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Cloverdale Reveille
Cloverdale, California
June 8, 2011     Cloverdale Reveille
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June 8, 2011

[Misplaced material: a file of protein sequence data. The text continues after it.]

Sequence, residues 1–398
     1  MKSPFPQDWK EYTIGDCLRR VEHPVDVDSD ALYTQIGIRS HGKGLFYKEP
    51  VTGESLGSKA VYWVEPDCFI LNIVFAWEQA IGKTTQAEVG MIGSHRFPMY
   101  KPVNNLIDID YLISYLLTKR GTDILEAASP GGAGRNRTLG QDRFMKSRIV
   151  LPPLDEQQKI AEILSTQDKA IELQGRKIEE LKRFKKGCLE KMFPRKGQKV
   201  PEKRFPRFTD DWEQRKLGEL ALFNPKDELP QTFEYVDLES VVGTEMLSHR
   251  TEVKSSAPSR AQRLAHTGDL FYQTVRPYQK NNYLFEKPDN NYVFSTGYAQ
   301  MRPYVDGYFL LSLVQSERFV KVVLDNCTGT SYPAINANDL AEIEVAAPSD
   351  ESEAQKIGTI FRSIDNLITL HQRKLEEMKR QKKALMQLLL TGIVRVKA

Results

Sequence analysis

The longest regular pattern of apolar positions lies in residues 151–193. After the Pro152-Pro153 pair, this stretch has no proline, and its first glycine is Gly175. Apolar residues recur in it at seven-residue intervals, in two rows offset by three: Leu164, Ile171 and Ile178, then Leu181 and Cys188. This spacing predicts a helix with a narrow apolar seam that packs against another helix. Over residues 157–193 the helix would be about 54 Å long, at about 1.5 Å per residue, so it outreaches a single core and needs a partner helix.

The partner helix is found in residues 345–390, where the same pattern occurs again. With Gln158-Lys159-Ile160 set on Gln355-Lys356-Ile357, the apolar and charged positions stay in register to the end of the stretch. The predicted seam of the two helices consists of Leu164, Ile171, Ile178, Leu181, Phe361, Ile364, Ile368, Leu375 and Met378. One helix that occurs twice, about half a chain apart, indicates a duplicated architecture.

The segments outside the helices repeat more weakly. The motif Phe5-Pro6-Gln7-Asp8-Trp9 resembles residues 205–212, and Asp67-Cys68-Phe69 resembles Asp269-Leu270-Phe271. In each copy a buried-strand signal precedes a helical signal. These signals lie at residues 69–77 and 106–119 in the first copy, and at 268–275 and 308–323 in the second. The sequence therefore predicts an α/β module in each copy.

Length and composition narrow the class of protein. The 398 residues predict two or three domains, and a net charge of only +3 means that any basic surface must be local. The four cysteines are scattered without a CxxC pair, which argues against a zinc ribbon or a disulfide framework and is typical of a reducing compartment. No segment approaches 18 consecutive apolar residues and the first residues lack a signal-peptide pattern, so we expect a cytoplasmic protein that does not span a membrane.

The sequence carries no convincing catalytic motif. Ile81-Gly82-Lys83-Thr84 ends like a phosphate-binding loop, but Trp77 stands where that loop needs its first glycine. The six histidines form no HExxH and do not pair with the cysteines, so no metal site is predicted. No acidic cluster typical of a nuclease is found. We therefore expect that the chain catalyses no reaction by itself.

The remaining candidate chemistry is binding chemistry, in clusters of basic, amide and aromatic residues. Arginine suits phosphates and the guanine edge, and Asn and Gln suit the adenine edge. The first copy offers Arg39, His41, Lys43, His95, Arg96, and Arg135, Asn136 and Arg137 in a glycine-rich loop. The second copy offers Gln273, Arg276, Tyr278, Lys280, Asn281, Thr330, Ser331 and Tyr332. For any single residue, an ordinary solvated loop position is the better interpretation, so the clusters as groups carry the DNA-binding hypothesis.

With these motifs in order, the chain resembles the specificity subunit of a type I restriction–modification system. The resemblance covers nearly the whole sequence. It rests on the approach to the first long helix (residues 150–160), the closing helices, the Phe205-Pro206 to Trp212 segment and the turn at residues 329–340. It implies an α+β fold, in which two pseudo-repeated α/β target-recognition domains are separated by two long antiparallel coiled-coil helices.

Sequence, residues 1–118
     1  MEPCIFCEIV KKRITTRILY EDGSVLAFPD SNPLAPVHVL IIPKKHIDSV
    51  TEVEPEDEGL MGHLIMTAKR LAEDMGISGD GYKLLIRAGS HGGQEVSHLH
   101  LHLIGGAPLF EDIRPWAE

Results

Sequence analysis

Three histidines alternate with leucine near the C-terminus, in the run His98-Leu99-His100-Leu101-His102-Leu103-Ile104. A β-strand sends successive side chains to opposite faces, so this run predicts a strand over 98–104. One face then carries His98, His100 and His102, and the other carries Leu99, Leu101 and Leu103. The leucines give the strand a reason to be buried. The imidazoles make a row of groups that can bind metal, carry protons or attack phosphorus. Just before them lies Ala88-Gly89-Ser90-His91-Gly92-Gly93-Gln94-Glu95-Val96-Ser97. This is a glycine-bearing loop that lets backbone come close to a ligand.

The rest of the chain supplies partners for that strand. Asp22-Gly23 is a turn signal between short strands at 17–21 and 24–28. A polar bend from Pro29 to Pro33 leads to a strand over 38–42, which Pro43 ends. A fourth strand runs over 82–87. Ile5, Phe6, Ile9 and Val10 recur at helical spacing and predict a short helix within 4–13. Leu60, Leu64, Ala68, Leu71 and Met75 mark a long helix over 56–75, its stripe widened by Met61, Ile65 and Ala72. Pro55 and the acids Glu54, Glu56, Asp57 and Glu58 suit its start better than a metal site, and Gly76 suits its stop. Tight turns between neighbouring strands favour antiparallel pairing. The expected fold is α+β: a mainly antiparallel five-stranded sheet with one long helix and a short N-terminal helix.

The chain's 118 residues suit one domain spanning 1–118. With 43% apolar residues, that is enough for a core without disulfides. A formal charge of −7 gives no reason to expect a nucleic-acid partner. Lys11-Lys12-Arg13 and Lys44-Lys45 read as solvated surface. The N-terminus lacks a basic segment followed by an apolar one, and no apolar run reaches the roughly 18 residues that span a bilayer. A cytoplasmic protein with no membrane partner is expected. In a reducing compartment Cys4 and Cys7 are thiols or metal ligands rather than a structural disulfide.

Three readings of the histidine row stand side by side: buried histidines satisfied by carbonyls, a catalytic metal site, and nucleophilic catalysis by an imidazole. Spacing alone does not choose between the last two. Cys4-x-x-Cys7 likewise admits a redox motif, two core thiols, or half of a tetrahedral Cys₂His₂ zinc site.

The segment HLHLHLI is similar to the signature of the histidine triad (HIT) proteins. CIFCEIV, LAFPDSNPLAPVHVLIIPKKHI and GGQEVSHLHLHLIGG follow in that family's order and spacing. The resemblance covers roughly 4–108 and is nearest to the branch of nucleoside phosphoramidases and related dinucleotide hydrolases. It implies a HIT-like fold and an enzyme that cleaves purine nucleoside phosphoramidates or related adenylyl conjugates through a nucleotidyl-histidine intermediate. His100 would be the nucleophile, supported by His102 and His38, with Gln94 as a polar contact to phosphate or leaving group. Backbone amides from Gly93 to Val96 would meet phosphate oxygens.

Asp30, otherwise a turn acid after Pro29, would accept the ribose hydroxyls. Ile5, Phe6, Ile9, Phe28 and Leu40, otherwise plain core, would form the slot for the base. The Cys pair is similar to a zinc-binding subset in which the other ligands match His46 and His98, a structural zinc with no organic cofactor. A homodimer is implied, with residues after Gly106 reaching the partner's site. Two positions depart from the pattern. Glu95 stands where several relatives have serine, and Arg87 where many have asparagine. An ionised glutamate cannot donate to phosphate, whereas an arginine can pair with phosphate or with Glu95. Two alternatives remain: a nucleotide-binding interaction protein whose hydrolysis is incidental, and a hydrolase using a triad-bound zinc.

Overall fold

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CLOVERDALE REVEILLE, CLOVERDALE, CALIFORNIA WEDNESDAY, JUNE 8, 2011 -- Page 5 $o, here's the thing... Farewell, friend of Cloverdale By Paula Wrenn Over the Memorial Day weekend I enjoyed a farewell lunch with Bonnie Asien. The now former Executive Director of the Historical Society and museum had already handed over the museum keys. Asien was in the midst of packing to relocate to Spokane. Not only does this mean my loss of still another Cloverdale friend, great conversationalist, and a challenging Scrabble opponent, I am saddened that Cloverdale is losing her energy, commitment and creativi- ty. Alas, our loss is Spokane's gain. Having sold her historic Main Street residence here, Asien informed me she managed to find another historical home which she will surely imbue with her own special attention to detail and historical reference. As you read this, she may already have spent her first night in the 1911 Craftsman in an elegant old Spokane neighborhood that will be her home. Surely, time with her family, becoming acquainted with the community and decorating will take up a good bit of her calendar in the coming months. But it won't be too long before she is involved in some sort of community projec!t. We discussed important Cloverdale events in which she had a hand. Our chat meandered to interesting things to do in Spokane and activities or organizations she might pursue relevant to her interests. Always full of ideas, Asien shared an event that she thought could translate well here - a 3-on-3 basketball tournament and festival in Spokane + known as Hoopfest. Aas, our Started in 1990, Hoopfest has raised money for IOSS is charity, and it brings together the community by in- Spokane's cluding sports enthusiasts and b-ball players, family teams, as well as teams for individuals with physical gain, and mental challenges, which is to say, it brings people into the community. Asien thought that athletically- inclined Cloverdale could do something similar, if not quite so big, to involve families and draw their relatives here to participate in "Cloverdale Hoopla." I like this idea because it does suit our family and sports-oriented community, and it would not require great investment to put such an event on, and this type of sports activity would be a standout from all the wine and food events. A festival can be built around it and that attracts visitors, especially for a long weekend tournament. Something to think about Cloverdale---one last gift from a departing mover and shaker. I hope Asien knows she will be missed and feels she is taking something special from Cloverdale, considering all the gifts she is leaving behind. When asked what she would miss most, she said, "I will miss the coziness of Cloverdale. I liked going to the post office. It always took longer than expected because people wanted to stop and chat." That's because she was an infinitely interesting person to chat up. I wish her luck and joy in her new home, and hope she will keep in touch. California climate control It was moments after my weekend guest (my nephew Lucas-from Denver) and I bemoaned our poor fortune at having so little time and such awful weather. We' were in the midst of the obligatory follow-up topic, Bay Area micro-climates, and had just completed the part of the discus- sion about how one can drive from town to town along 101 and have completely different weather and significant fluctuations in temperature. And how the ocean affects the weather, how the hills trap or protect a locale from certain influences, et cetera, et cetera. Then, as if on cue, along cme tlt o perfect.demonstration. , ........... Most of us have driven through cloudtursts, or have observ'ei them moving from afar, but this was new to me. Looking out my front kitchen window, I was putting a positive spin on the discussion with something like, "At least we seem to be getting a little break from rain today." My houseguest, looking out the dining room sliding door to the back yard had a different take on the current meteorological conditions. "How is that? It's pouring!" To my simultaneous chagrin, consternation and delight, there was a righteous downpour in the back yard, about fifty feet from the front window. It was one of those odd rains where the sun is shining and the big raindrops appeared to be wlite streaks as they plummeted to earth. The two of us, transfixed between the two windows, stood there for a full five minutes, heads swiveling between the two windows. We wondered whether the cloud would shift east-westor if it would continue on its north-south track, which I base on the angle of the raindrops. For the entire time it poured in the back yard, the front yard saw nary a drop from that cloud, which seems to have surgically moved north along the row of homes on my street. That, my friends, is what makes us think of micro-climates as both precise and random at the same time. Thanks, Mother Nature. That was way better than any boring old Pow- erPoint presentation. And thanks also for sending a benign cloudburst and not a funnel cloud. , Sun at the beach : Well, there was a little sun. But there was a lot of wind; not terribly unusual, but also disappointing for visitors. This was especially so for my other houseguest, Katy, who was here for her first glimpse of the ocean and redwoods. Upon.returning home for dinner after a day of gale-force winds on the cliffs of Bodega Head and at the mouth of the river,,Katy (age 7) wrote a letter to he r grandparents that went, in part, like this: 'We went to the beach. We stayed in the car." You have to take California weather on its own terms, especially on the coast. Do you have a suggestion for this column or another viewpoint? Write to Paula Wrenn c/o the Reveille, or email Summer Carnival at Boys & Girls Club Kick off the summer at the Cloverdale Boys and Girls Club on Saturday, June 11 from 4to 6 p.m. There will be reasonably priced food and beverages available, games, raffles, a cake walk, face painting and much more. This is a great opportunity to visit the club if you haven't been in a while. It is located at 686 S. Cloverdale Blvd. For more information call 894-5063. Paul Sullivan, AAMS  433-3412 647 Healdsburg Ave. Healdsburg INVESTMENT STRATEGIES, ONE-ON-ONE ADVICE Call or stop by today to make an appointment EdwardJones MAKING SENSE OF INVESTING Member SIPC Dolph D. Green, CFP 894-0277 231 N. Clvd. Blvd. Cloverdale Pictured are actors Christi Calson, left, Amy Lovato and Marisha Zeffer. The gentleman is Jonathan Graham. Performing Arts Center presents Ken Ludwig's"Lend Me ATenor" Have you ever wanted to know what it's like to work in the Front of House part of a theater? Introduc- ing the Cloverdale Performing Arts Center Volunteer Youth Program, open to students of high school age or older. Take the first step by be- coming a volunteer. Contact La Reva Myles at 510 847-6304. The next show to take advantage of this opportunity will be Ken Lud- wig's "Lend Me A Tenor" at the Cloverdale Performing Arts Center on June 10, 11, 12, 17, 18, 2011. The three ways to buy tickets are on-line at; in person at Mail Center, Etc.; during business hours at 207-A N. Clover- dale Blvd., 894-3222 and at the door prior to performances, when re- maining tickets are available. - La Reva Myles III t COMMENTARY: From the Editorial Desk... Weather has always been a "badge of courage'for locals How many times have you told people who live in other areas of the county that you live in Cloverdale and the response is, "Wow, Cloverdale, it's hot up there, isn't it?" It sets us somewhat apart from the rest. This past weekend was a bit of a reversal, but a badge of courage nonetheless. Many events in Sonoma County were cancelled due to the rains and with one exception the events scheduled for Cloverdale went on as originally planned. Cloverdale's Relay For Life brought out cancer survivors and those supporting the American Cancer Society's research to one day stop cancer in its tracks. Organizers and supporters came out in spite of the heavy winds and rain which made all of the activities-setting up the tents, walking the track and everything else really a chore. But for those who have battled or are battling cancer, the inclement weather was but a minor component at this year's Relay For Life in Cloverdale. Saturday's Cloverdale Sculpture Opening took place with a venue change to the History Center. The opening was well attended and also a tribute to Cloverdale's hearty souls who come out in support of the many events presented by local organizations to raise much needed funds and promote Cloverdale throughout the region. Read page seven in this week's paper about the scheduling change for the third annual Cloverdale All-Star Baseball Game, which was postponed due to Saturday's weather. "Rebuild K[eiser Park" w,th "THE CLOVERDALE BRICK" Sponsored by Cloverdale Rotary 4x8 brick any 3 Lines $50.00 0ther sizes available Yours or any name lazer engraved in fire ceramic brick Supply LIMITED to amount sold by July 31st, (No Exceptions) ' or call order/info www, kleiserpark, org 894-1012 Cousins, Jim Smith and Elaine Delman, donated a rocking chair to the Cloverdale Historical Society that originally belonged to Isaac E. Shaw, their great grandfather ..... A welcome addition at the Cloverdale Historical Society Volunteers at the Cloverdale His- torical Society recently had the pleasure of welcoming some spe- cial guests to the historic Gould- Shaw House Museum. Jim Smith and his cousin Elaine Delman, along with their respective spouses Lynn and Jack, had driven to Clo- verdale from their homes in south- ern California in order to deliver a rocking chair that had once be- longed to their great grandfather, Cloverdale pioneer Isaac E. Shaw. Jim and Elaine's grandmother, Ella Louise Shaw Jones, was the daughter of Isaac Shaw and his first wife Louisa. According to their family's oral history, the chair came across the country in a covered wagon, and the exquisite needle- point was done by Grandmother Ella sometime around 1890. According to his obituary, I. E. Shaw was "one of the first men to operate trains of 'prairie schooners' across the continent to carry goods for his business and made a large fortune in that way." Shaw arrived in Cloverdale in 1872 and for the next 33 years served as one of the town's most prominent business- men. He was a founder and first presi- dent of the Bank of Cloverdale, and his son Charles served as president of the bank for over 43 years. The house was occupied by members of the Shaw family from 1875 until 1938 when Shaw's sec- ond wife Minerva McCray Shaw died. The house, lovingly restored in the 1990s by the Cloverdale Histor- ical Society, can now proudly dis- play a chair that once belonged to its most famous occupant, thanks to the generous donation of two of his descendants. -Joan Wagele Every minute counts when you're suffering a stroke. Many people who suffer a stroke have irreversible impairments. They simply wait too long or don't get help. When should you act? Fast! When you have unexplained weakness in your arms or legs, feel numbness in your arms, find yourself unable to speak or have difficulty swallowing among other symptoms, don't wait CALL 911. These symp- toms can be associated with a severe headache or you could passout or worse experience paralysis. With modern treatments, some types of strokes can actual- ly be stopped in progress and reversed, but time is critical. Modern care requires specific time parameters when dealing with stroke. We offer state-of-the-art pre-hospital assessments and treatments Our para- medics can perform tests to clarify if you are having a stroke. We can start treatment of symptoms with medications at your house. This early intervention can save your quality of life. Our teams will transport you to specific stroke treatment centers with an assessment and notifi- cation already made. With this team approach you can be under specific advanced care in under 60 minutes. If you attempt to drive yourself you waste time and delay treatment that 30 minutes could leave you debilitated. If you think you are having a stroke CALL 911 and let our team treat your symp- toms and get you where you need to be. CLOVERDALE AMBULANCE -- CALL 91 1 We treat and transport irrespective of insurance or lack of insurance Cloverdale pioneer Isaac E. Shaw. Photo courtesy of Will Layfield Whenit'stime ] for achange, / call the staffing ] specialists at: MANAGEMENT CONNECTIONS !